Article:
Amole Gupte pairs with his son yet again for this film after his much appreciated Stanley Ka Dabba
Harishchandra Waghmare (Makrand Dehpande) lits the lamp and a small room suddenly becomes alive, full of hope and faith. The father imbibes this learning into his son Arjun (Partho Gupte), a lesson to never loose hope. This opening shot of Amol Gupte’s Hawaa Hawaai more or less tells you everything about the film. Where there is darkness, there is hope for brightness or the clichéd where there is a will there is a way.
Produced by Fox Star Studios, Hawaa Hawaai is about Arjun who losses his father at a very young age and hence becomes the sole bread winner of the family. He joins a tea vendor’s shop and works from early morning till late night. In the evening he watches Aniket Bhargava (Saqib Saleem) conduct skating classes for the kids on the Bandra-Kurla road. After observing the sport, the little one dreams of learning the sport. Arjun’s gang of friends also help him chase his dream. Aniket Bhargava aka Lucky notices the potential in the kid and trains him for district level championship. Will Lucky manage to fulfil Arjun’s dream? Will Arjun chase his dream or leave it mid-way? For this, you definitely should watch the movie this weekend.
Though the storyline is not really new, the in between elements of the film make you think about several issues. There are two of my most favourite scenes in the film. The first one is when Lucky shouts at Arjun for not performing well in practice and Arjun goes home and sobs silently with a mouth full of cloth pieces so that his mother who is sleeping right beside him does not know that her responsible son is in agony of pressure and self-disappointment. This one was really heart-warming. There’s another one where Lucky realises that even if Arjun wins the competition, he will still have to work at the tea stall. His helplessness is captured quite well.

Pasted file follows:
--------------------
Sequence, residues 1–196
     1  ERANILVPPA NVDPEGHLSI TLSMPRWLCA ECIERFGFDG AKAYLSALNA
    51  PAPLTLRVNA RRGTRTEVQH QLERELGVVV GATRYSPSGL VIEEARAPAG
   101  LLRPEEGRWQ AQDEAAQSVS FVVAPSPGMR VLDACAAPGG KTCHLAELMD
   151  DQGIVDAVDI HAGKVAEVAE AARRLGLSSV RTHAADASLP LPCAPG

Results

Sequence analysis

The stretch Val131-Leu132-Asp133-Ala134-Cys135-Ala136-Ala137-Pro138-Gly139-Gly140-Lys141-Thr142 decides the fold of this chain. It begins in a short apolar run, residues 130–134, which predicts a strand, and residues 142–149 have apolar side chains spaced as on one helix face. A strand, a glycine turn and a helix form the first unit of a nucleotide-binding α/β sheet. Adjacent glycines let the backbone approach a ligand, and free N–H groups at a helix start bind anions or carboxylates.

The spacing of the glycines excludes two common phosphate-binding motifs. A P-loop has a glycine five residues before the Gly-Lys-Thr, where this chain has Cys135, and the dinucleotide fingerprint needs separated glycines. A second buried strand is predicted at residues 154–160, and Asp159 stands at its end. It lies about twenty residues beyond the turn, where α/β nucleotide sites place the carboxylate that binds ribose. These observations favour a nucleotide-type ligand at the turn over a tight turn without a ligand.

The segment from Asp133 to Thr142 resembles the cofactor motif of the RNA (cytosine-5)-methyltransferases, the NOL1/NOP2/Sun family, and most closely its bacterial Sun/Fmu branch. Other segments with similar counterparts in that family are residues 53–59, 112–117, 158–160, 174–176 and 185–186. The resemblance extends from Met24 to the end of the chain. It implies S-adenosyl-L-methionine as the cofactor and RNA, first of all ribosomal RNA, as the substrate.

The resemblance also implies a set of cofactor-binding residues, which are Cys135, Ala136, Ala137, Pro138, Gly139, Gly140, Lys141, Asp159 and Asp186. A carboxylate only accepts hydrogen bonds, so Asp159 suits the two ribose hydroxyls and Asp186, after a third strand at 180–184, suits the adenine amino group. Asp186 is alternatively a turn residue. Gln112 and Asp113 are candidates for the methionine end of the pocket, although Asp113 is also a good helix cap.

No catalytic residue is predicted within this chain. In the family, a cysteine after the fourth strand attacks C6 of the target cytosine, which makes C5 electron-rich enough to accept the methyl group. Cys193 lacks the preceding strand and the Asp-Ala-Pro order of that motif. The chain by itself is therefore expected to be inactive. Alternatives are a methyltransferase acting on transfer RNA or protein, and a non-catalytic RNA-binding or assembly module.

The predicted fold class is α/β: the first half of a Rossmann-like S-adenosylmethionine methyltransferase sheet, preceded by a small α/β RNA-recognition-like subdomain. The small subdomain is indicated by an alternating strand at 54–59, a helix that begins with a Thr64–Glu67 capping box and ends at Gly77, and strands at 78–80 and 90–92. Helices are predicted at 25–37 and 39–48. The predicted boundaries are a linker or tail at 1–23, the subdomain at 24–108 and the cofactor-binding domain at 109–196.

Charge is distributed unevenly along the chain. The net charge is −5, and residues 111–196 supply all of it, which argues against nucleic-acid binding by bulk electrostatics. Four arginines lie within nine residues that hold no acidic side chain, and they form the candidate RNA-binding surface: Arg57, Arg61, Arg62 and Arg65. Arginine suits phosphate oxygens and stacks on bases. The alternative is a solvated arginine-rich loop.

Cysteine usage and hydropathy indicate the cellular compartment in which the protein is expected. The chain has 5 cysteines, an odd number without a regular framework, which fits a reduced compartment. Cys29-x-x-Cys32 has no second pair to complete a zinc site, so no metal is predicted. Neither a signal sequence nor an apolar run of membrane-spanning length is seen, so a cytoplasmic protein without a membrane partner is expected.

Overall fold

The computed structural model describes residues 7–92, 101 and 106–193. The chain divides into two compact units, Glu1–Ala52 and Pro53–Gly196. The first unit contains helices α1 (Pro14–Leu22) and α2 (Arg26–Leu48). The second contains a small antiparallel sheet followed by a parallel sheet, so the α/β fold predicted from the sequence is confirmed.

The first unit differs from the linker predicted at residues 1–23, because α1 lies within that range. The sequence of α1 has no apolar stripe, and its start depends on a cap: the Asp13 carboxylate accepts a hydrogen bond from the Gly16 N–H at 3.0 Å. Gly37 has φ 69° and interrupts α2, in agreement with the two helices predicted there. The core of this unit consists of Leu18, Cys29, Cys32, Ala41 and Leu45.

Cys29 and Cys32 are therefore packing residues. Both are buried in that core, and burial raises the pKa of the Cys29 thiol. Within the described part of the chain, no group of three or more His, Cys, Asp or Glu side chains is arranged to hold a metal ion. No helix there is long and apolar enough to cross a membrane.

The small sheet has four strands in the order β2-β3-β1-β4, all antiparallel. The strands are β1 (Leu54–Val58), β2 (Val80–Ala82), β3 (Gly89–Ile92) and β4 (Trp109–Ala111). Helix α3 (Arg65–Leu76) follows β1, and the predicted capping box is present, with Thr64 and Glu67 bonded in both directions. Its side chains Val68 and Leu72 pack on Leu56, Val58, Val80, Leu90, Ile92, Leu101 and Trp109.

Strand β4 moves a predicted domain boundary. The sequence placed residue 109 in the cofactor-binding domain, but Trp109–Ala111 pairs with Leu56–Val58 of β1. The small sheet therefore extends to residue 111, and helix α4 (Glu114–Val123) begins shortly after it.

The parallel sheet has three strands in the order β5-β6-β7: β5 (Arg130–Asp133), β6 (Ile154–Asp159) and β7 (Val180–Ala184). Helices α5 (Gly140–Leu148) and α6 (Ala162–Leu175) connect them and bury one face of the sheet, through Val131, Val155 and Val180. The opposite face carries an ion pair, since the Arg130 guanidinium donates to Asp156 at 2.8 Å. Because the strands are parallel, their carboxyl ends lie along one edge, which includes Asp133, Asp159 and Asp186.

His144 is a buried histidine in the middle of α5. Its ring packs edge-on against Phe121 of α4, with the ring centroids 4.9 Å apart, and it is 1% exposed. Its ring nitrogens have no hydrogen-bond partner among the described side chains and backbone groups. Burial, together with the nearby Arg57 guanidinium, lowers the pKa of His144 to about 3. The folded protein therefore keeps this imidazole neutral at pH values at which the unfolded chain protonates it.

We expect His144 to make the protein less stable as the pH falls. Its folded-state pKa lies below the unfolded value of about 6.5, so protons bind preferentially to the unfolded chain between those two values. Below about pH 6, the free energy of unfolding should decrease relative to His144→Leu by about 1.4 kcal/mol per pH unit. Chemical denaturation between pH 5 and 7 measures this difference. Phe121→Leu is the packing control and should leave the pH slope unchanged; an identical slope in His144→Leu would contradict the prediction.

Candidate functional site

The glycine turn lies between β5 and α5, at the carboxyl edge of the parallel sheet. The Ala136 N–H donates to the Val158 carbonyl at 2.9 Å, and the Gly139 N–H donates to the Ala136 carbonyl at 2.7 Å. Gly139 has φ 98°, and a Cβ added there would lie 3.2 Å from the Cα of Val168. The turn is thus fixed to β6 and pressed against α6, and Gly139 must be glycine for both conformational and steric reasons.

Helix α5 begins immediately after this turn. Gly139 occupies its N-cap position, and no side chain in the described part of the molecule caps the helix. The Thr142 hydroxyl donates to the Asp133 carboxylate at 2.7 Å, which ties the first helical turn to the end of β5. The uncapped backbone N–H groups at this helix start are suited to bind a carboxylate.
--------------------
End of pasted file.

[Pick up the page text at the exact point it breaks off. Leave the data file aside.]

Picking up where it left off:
Partho Gupte deserves a special mention for portraying the role of Arjun with so much of conviction that his performance seems effortless. His friends, Gochi (Ashfaque Bismillah Khan), Bhura (Salman Chhote Khan), Abdul (Maaman Menon) and Bindaas Murugan (Thirupathi Kushnapelli) are extremely adorable in the film. Each of them have excelled their characters. Saqib Saleem as Aniket Bhargava in the film has underplayed in the first half, but shines in the second half of the film. I guess that is coz his character becomes more believable in the second half. The supporting cast too has done a great job. Hitesh Sonik and Amole Gupte’s music has added soul to this film quite literally.
As much as I liked the film, there were a few loop holes like the pace of the film. Also in some parts the plot jumps suddenly. Though this isn’t really a major problem, more precision would have certainly helped the film quite a lot. To sum it up, Hawaa Hawaai is one of the biggest examples of modern cinema and should have its rightful existence amongst a plethora of big budget films. Watch it for the thought invested in the project if not for anything else.
4 out of 5
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